Vietnam memorial comes to Courtenay

Peter Mallett
Staff Writer

A gleaming red and white traveling memorial wall, emboldened with a Canadian flag, visited the HMCS Alberni Museum & Memorial (HAMM) on Aug. 18-19.

The memorial contains the names of 149 Canadians who were killed in Vietnam while serving with the United States Armed Forces (USAF), seven soldiers Missing In Action (MIA), two Canadian military personnel killed in action while serving with the International Commission for Supervision and Control (ICSC), and two Canadian soldiers who were reported MIA with the ICSC who were not volunteers fighting with the US military.

Rob Purvis, Canadian Vietnam Veterans Association President and founder, organized the travelling memorial’s visit to HAMM  and said the names are unknown to most Canadians.

“Very few people in the United States or Canada know about Canada’s involvement in Vietnam,” says Purvis. “The purpose of the Memorial Wall is to honour Canadians who followed their conscience and fought for freedom in the Vietnam War and to educate and raise public awareness of Canadians who participated in the Vietnam War.”

Over 20,000 Canadians volunteered to fight or participate in the USAF operations in Vietnam.

Lewis Bartholomew, HAMM Director, says the museum has been trying to organize a visit for eight years because of its historical significance, and he and museum staff are delighted the memorial has stopped in Courtenay.

“If Korea is the forgotten war, the Canadian Vietnam soldiers are our forgotten veterans; Canada did not have an official military combat role and Canadians were and are still unaware that so many Canadians served the U.S. military in the war,” said Bartholomew. “For years they have faced discrimination from various organizations in their efforts to be recognized and remembered.”

The Canadian Vietnam Veterans Association (CVVA) membership consists of veterans who served in the Canadian and American Armed Forces during the Vietnam War from February 1961 to May 1975. Purvis, also a 76-year-old United States Army veteran, has rallied the preservation of the Vietnam War soldiers’ legacy for over four decades.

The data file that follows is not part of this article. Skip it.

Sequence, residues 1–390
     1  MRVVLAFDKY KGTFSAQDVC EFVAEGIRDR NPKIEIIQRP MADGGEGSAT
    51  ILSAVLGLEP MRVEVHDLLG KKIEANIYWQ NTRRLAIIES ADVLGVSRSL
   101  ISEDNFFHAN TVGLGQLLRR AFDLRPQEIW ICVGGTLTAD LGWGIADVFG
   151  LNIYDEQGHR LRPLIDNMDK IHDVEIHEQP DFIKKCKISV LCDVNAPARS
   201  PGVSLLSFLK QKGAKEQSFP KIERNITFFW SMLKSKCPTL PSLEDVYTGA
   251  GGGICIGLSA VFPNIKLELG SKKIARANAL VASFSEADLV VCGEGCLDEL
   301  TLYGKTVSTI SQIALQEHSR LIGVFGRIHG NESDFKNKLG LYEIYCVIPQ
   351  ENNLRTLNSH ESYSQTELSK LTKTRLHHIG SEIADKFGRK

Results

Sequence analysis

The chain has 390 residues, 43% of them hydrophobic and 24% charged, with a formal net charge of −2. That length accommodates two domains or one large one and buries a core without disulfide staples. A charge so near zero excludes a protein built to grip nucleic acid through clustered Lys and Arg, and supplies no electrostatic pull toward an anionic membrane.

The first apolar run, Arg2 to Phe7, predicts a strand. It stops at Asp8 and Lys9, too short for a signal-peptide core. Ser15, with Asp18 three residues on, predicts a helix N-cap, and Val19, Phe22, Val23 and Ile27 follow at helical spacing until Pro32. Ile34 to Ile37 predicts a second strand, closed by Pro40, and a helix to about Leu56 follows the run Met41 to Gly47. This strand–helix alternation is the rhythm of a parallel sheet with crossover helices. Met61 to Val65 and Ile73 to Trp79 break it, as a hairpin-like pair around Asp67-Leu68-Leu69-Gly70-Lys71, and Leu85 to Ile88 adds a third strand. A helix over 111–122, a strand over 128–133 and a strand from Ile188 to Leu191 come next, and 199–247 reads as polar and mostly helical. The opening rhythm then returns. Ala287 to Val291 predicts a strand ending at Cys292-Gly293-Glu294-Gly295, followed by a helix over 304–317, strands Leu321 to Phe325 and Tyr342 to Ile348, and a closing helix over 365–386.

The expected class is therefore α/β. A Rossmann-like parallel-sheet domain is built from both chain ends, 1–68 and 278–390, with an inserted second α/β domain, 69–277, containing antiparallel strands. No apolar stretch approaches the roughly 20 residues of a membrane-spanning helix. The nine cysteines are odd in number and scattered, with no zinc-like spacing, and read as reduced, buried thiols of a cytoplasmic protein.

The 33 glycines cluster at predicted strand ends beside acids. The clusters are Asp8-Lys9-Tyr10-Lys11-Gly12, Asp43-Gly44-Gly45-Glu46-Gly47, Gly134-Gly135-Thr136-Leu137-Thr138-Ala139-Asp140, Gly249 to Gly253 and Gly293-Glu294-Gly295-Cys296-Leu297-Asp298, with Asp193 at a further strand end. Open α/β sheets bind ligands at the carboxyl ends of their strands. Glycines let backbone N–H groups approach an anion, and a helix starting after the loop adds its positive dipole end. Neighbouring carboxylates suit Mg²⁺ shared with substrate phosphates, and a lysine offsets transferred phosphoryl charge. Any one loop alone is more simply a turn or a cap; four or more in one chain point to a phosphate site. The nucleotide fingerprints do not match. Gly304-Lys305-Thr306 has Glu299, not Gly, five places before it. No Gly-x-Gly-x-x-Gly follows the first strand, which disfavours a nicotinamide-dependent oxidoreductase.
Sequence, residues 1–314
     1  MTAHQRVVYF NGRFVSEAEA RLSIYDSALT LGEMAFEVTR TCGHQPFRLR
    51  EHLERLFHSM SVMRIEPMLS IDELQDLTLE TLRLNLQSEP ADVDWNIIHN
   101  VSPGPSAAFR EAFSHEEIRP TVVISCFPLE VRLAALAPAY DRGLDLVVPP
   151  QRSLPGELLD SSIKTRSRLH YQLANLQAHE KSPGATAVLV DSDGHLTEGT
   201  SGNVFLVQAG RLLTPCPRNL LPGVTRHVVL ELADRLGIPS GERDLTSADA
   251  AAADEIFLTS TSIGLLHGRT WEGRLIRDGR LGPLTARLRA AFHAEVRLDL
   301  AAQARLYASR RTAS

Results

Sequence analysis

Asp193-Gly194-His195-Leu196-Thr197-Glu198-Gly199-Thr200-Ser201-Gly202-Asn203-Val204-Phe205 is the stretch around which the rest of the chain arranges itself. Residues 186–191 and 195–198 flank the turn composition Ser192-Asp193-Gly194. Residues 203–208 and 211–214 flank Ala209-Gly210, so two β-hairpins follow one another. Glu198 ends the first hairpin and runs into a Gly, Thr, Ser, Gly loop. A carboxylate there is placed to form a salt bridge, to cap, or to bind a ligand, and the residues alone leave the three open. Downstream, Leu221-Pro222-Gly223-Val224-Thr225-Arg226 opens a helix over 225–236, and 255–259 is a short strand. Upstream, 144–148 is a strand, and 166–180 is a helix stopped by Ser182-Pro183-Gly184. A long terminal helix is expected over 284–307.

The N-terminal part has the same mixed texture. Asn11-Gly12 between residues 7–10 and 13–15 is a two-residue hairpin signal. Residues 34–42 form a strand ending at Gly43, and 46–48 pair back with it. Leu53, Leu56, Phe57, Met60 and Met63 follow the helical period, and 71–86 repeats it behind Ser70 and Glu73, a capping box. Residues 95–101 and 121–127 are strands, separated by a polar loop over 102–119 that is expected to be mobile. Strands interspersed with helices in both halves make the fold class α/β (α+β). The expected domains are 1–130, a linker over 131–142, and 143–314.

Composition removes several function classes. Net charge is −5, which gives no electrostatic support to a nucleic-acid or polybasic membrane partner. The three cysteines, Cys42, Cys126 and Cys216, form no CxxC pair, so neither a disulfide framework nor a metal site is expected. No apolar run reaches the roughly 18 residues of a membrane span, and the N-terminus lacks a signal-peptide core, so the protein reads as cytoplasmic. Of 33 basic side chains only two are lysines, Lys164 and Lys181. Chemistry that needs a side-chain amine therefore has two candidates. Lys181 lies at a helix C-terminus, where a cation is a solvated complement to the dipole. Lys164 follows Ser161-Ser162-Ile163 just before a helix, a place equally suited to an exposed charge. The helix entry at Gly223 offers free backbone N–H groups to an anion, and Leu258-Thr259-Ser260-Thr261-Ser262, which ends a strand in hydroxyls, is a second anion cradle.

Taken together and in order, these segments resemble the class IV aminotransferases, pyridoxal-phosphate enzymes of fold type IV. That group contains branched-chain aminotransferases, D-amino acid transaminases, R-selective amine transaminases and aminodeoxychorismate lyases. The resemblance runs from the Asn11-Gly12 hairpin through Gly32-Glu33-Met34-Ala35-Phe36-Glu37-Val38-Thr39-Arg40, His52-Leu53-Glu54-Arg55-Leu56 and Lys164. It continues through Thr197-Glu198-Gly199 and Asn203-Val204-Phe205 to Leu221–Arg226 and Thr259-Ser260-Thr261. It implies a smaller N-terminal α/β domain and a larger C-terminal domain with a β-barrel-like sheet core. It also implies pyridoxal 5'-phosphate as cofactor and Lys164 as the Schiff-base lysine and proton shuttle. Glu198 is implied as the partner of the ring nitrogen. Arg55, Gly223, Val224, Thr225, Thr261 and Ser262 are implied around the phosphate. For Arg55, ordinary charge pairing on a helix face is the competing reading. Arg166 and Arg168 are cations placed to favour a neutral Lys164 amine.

“I will continue to educate and spread the word about the military service of thousands of Canadians in Vietnam because so many are unaware of our legacy,” said Purvis.

He signed up for service in Vietnam when he was 21, along with three other childhood friends from his neighbourhood in Winnipeg, one of whom made the ultimate sacrifice. Purvis served as an Airborne Ranger with the 4th Infantry Division from 1969 to 1970. During the war, he was a paratrooper who conducted reconnaissance patrols deep in the jungle to look for signs of the enemy.

In 1986 Purvis formed the CVVA to lobby for veterans’ rights and provide pertinent information concerning their benefits and combat-related injuries involving the chemical herbicide Agent Orange and Post-Traumatic Stress Disorder. CVVA’s first step was to organize a reunion of Canadians who served in Vietnam at the Vietnam Veterans Memorial in Washington, D.C. In 1988, the CVVA lobbying efforts aimed at the Veterans Affairs Act paid off, with an amendment allowing for service-connected benefits to Vietnam Veterans in Canada.

In June 2005, the CVVA unveiled its travelling Memorial Wall, designed and built by Doug Anderson of the Fargo Air Museum. The memorial will also be displayed at The Military Museum in Calgary and the Royal Canadian Army Museum in Shilo.

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